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jacksonian democracy

jacksonian democracy in Culture
Jacksonian democracy [(jak-soh-nee-uhn)]

A movement for more democracy in American government in the 1830s. Led by President Andrew Jackson, this movement championed greater rights for the common man and was opposed to any signs of aristocracy in the nation. Jacksonian democracy was aided by the strong spirit of equality among the people of the newer settlements in the South and West. It was also aided by the extension of the vote in eastern states to men without property; in the early days of the United States, many places had allowed only male property owners to vote. (Compare Jeffersonian democracy.)

The New Dictionary of Cultural Literacy, Third Edition
Copyright © 2005 by Houghton Mifflin Company.
Published by Houghton Mifflin Company. All rights reserved.
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Examples from the Web for jacksonian democracy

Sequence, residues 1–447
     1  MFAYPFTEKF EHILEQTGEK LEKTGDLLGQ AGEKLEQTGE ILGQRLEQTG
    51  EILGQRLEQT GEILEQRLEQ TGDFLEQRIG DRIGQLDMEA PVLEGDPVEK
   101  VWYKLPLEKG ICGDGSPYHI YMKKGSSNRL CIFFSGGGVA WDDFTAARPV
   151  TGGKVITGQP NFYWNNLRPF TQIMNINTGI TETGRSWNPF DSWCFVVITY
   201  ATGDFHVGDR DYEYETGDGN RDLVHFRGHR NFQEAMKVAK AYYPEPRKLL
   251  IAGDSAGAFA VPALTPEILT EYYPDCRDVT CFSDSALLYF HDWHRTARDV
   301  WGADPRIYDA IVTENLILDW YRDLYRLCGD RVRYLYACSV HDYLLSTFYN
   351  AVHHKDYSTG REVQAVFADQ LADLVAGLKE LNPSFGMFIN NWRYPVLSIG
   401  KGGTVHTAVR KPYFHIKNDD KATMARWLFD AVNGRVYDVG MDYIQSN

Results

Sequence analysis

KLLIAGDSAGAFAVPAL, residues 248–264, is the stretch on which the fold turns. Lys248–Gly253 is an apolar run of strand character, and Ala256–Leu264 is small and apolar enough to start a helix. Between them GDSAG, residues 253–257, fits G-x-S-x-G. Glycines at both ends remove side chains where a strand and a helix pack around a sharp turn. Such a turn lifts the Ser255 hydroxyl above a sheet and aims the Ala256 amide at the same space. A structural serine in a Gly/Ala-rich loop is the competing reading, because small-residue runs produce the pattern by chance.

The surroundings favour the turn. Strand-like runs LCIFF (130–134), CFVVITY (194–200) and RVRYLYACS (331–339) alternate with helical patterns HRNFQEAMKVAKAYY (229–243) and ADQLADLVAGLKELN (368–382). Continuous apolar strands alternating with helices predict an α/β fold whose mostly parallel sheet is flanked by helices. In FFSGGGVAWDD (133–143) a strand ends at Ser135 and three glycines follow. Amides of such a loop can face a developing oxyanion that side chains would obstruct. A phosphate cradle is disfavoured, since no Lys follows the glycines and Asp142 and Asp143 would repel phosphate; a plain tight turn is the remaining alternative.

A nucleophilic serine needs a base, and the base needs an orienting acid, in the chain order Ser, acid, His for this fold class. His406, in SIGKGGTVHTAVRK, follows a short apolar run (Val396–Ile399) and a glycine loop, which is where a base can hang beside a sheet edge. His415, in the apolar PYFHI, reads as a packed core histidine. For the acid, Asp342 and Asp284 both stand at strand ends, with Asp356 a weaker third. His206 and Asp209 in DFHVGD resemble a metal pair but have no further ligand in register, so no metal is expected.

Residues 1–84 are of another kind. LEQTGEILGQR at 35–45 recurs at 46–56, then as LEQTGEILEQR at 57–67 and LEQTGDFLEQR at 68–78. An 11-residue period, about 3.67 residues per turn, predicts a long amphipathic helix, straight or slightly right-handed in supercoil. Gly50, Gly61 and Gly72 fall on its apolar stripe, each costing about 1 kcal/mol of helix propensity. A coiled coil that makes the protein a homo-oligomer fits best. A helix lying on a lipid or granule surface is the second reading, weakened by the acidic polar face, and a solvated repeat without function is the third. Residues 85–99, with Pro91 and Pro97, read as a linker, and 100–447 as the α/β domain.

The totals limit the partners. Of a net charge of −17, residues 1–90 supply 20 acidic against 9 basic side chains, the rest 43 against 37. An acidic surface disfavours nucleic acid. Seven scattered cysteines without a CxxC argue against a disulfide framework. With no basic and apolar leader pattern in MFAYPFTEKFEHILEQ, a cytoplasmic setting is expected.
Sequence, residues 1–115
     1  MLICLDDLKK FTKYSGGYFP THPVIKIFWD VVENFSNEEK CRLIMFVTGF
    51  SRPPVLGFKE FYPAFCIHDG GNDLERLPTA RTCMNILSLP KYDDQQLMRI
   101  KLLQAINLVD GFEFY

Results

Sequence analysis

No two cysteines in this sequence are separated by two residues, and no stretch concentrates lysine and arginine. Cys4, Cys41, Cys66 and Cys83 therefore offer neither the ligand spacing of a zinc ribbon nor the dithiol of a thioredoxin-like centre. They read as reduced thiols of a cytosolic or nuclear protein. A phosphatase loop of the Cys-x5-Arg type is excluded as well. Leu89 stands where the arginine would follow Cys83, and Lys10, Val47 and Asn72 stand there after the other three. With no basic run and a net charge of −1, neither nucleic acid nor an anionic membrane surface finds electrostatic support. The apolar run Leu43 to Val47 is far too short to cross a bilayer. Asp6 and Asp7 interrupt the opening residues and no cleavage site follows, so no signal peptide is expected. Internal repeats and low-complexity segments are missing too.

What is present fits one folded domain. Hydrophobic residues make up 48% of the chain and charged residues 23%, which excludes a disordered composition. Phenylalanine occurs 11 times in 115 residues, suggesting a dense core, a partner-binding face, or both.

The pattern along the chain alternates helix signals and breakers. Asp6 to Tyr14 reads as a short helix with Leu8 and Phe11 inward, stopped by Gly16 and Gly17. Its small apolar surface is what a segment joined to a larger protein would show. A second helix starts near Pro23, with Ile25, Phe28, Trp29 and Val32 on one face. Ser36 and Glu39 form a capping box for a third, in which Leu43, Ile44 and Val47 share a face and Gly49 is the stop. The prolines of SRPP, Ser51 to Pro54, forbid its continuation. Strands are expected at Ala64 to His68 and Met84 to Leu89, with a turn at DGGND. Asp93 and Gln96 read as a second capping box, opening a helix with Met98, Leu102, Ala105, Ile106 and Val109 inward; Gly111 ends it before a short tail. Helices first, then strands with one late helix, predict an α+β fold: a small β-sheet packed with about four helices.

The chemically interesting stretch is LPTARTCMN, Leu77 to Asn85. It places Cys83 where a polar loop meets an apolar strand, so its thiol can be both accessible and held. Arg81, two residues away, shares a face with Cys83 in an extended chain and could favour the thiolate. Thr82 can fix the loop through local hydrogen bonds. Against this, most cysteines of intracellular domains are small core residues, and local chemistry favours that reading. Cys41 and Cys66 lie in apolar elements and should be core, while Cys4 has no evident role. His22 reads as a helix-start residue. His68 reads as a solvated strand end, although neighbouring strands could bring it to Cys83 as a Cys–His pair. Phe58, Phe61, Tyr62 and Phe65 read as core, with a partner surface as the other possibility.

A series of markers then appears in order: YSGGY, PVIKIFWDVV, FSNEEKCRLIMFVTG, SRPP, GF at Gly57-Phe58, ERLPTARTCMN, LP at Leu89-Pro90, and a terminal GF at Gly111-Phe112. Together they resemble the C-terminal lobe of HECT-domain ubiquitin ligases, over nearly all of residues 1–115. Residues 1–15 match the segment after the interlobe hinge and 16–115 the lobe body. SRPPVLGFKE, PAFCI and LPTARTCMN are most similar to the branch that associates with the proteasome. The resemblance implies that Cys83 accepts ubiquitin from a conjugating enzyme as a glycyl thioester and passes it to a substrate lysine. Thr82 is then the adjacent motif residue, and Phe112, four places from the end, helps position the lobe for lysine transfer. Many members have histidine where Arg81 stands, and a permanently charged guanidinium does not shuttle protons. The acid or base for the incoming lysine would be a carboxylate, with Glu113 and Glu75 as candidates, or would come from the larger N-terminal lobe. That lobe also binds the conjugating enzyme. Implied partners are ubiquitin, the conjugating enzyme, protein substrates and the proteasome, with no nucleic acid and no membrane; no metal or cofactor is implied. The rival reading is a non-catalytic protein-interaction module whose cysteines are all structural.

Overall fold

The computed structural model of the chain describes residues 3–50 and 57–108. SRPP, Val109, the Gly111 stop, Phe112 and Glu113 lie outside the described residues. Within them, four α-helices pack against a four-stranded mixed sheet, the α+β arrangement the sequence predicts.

Historical Examples
  • Crockett was a Southerner and, as has been stated, at first a friend of the jacksonian democracy.

    The Way to the West Emerson Hough
  • All this and his steady advocacy of jacksonian democracy constituted him no paltry antagonist.

    Lincoln, the Politician T. Aaron Levy
  • This provision stood clear in the document; but judicial ingenuity had circumvented it in the age of jacksonian democracy.

    History of the United States Charles A. Beard and Mary R. Beard
  • In the Northwest territory, the old home of jacksonian democracy, they overtopped agriculture.

    History of the United States Charles A. Beard and Mary R. Beard

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